CPPD denial letter

I got a letter in the mail today from CPPD saying that I have been denied. They claim that because I work very part time, (approximately 9 hours per week) that I should be able to find employment that I could do more hours at, that doesn’t involve anything physical. I lost my job of 21 years because they felt that I was no longer an asset to the company. I did receive a severance and then decided to work very part time at another job. I guess maybe I shouldn’t have even tried to continue working. I can appeal their decision of course, but it sounds like I would have to quit working together. My question is this. If I don’t appeal their decision and need to apply again at a later date ( maybe a year or two later for example) am I able to re apply? Or am I only allowed to apply once and if I don’t appeal then that’s it?

You can apply again as long as you meet the CPP contribution requirement ie have contributed to CPP in the last 4 out of 6 years --or if you have worked over 25 years–then 3 out of the last 6 years.
You can sign into Service Canada my account to see if you have made the required contributions (aprox income of 5,600 is all that is needed per year)

I would appeal though as 9 hours per week would not be a gainful income if that is the most you can manage.

Was it because of lower productivity because of your disability?

As others have noted you can always re-apply as long as there has not been a “final decision” on your claim. That final decision comes form the Social Security Tribunal. However, if you only capable of working 9 hours per week and are on track to earn $10000 or less for the year, then you should continue your appeals. You can earn some income as long is is below a threshold (approx $15000 in 2018) and still qualify for CPPD.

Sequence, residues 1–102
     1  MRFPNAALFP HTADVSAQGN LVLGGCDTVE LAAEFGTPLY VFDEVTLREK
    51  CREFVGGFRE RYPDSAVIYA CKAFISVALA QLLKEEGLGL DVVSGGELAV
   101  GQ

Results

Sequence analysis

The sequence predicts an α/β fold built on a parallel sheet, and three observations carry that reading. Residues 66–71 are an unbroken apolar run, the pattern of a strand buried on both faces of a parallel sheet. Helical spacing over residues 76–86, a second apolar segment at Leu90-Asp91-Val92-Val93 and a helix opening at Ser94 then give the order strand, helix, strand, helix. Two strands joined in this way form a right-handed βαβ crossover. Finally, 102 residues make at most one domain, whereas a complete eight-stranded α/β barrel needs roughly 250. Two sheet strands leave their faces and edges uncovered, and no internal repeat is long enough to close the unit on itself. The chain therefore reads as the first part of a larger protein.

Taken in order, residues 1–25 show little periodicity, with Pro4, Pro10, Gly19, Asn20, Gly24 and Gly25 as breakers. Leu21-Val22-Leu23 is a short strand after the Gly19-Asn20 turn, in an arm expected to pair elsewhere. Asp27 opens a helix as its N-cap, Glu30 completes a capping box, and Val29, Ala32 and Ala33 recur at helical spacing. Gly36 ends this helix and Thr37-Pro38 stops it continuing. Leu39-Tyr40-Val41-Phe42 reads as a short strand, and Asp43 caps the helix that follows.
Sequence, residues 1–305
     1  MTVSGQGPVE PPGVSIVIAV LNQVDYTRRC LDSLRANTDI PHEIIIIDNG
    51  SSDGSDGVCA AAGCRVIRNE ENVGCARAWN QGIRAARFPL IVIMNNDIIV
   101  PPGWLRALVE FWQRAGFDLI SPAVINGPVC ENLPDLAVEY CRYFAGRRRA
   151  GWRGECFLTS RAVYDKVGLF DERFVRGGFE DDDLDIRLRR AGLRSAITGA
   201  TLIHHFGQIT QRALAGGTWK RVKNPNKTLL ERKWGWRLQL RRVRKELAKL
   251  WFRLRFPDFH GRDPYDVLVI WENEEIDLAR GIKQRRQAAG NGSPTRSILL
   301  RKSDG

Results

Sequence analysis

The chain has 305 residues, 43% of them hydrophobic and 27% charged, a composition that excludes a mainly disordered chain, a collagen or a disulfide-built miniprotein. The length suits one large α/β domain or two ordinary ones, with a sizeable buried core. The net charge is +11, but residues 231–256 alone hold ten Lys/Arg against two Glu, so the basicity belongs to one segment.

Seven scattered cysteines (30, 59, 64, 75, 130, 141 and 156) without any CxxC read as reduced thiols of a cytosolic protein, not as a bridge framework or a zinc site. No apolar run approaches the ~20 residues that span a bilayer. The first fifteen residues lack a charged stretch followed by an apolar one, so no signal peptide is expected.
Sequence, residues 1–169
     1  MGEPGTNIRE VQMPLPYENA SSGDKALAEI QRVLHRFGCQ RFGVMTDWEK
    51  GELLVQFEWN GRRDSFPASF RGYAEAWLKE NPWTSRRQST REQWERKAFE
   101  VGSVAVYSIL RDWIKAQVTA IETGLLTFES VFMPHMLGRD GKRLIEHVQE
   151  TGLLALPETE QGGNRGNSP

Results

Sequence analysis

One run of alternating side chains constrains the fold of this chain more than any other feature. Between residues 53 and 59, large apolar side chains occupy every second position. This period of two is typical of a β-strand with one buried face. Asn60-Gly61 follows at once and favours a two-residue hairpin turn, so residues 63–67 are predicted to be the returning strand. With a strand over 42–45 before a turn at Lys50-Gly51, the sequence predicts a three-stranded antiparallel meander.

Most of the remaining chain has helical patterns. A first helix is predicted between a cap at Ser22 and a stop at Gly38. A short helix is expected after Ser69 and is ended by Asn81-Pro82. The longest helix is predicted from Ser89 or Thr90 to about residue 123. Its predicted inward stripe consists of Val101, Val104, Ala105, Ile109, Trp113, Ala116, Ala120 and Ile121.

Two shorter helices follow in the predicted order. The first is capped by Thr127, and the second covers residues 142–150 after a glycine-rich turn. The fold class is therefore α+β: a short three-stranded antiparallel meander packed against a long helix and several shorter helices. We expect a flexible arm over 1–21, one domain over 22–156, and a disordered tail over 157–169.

Now, are you the catwoman form the batman movies or just a woman who loves cats!

David Brannen

Disability Lawyer with Resolute Legal

The response posted above is based on the limited factual information made available and is not intended as a full and complete response to the question. The only reliable manner to obtain complete and adequate legal advice is to consult with a lawyer, fully explain your situation, and allow the lawyer enough time to research the applicable law and facts required to give an adequate opinion. The basic information provided above is intended as a public service only, a full one-on-one discussion with a lawyer should be done before taking any any action. The information posted on this forum is available to the viewing public and is not intended to create a lawyer client relationship with any person. If you want one-on-one advice, please click here to request a free consultation or call toll free 1-877-282-5188 to speak with a member with our disability claim support team.

Lol, unfortunately not the real catwoman :wink:

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